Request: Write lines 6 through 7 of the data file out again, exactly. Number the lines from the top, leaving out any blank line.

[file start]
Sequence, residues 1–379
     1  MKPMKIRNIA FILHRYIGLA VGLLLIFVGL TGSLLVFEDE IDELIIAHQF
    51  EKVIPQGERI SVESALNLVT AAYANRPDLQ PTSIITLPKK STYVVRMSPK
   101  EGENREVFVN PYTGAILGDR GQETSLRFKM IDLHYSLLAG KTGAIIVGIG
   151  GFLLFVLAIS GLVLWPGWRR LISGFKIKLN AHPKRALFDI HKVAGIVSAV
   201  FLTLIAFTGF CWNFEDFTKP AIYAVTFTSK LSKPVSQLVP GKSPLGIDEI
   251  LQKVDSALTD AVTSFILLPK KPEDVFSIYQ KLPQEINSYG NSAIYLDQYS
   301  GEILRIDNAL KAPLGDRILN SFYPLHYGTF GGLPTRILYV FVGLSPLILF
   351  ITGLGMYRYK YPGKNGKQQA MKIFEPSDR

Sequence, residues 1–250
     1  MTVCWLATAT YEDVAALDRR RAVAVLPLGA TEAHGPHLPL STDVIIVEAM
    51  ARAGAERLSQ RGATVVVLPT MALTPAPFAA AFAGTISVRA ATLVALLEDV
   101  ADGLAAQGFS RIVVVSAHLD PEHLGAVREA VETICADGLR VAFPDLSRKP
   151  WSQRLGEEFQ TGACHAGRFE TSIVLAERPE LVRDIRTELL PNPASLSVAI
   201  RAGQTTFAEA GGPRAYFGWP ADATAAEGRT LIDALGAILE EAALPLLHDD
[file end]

   201  FLTLIAFTGF CWNFEDFTKP AIYAVTFTSK LSKPVSQLVP GKSPLGIDEI
   251  LQKVDSALTD AVTSFILLPK KPEDVFSIYQ KLPQEINSYG NSAIYLDQYS